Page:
JACKSON, Mich. (AP) — Good conduct makes Leon Echols eligible for a number of jobs in prison: porter, barber, cook. He chooses to be a photographer in the visitor room, taking pictures of other inmates and their families.
"I can see children. I can feel normal," Echols, 43, explained. "I love being able to see families interacting with each other. I'm not an inmate for that moment."
And he could be an inmate forever.
Echols has been a Michigan prisoner nearly 25 years — his entire adult life — for killing a man during a sudden dispute over a car near Detroit. In 1989, Judge Michael Talbot sentenced the 18-year-old to a minimum of 75 years, an astonishing punishment when the guidelines called for a minimum of 10 to 25.
Echols essentially is serving a life sentence. Years of good behavior will shave time, but he'll still have to live to age 83 to file his first application for parole.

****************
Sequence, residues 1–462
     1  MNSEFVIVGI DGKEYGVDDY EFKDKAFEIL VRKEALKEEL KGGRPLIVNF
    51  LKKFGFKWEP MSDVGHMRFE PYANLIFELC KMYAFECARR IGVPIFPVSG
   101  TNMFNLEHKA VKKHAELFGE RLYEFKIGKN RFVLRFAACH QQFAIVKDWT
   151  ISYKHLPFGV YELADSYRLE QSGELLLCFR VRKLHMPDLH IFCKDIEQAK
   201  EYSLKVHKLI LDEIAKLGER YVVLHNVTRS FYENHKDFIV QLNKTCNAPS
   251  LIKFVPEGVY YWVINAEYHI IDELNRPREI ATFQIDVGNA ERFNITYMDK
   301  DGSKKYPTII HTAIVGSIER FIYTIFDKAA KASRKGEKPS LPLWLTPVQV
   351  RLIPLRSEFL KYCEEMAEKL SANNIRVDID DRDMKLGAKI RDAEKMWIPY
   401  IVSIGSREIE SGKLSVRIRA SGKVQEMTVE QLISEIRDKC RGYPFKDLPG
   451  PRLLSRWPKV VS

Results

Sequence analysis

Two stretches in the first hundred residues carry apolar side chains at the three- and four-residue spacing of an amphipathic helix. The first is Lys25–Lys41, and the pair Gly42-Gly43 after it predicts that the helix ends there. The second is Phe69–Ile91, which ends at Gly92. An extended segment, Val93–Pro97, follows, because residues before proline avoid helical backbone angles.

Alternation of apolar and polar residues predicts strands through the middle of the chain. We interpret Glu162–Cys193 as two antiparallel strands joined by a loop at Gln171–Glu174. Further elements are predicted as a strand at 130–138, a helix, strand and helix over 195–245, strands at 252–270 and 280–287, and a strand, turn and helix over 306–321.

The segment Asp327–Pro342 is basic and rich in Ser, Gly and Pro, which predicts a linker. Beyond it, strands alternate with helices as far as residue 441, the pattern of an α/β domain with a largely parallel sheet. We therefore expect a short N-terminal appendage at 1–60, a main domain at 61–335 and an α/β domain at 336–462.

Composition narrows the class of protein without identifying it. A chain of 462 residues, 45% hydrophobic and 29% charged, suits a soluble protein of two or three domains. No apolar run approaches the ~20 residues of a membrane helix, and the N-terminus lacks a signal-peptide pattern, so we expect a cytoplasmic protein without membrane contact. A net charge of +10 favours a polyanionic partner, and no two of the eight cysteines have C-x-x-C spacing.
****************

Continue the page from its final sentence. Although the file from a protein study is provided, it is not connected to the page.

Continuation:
"That's the injustice," he said.
In March, the Michigan Supreme Court turned down his personal 40-page appeal for help but noticed the unusual facts. The justices said he could apply to have his sentence shortened by a governor, a difficult process with extremely long odds of success. Justice Michael Cavanagh, however, said Echols deserved more from the state's top court.
"This is an exceptional case in which defendant's sentence is illegal," wrote Cavanagh, who believes a new sentence is appropriate.
University of Michigan law professor Paul Reingold said: "These are the saddest cases because the injustice seems patent, but the avenues for relief are closed off by procedural rules or substantive reservations."
Echols spoke to The Associated Press at the Cotton prison in Jackson. Without making excuses or blaming others, he described his turbulent childhood, the circumstances of the crime and his unrestrained optimism about winning freedom someday and becoming a mentor to young people.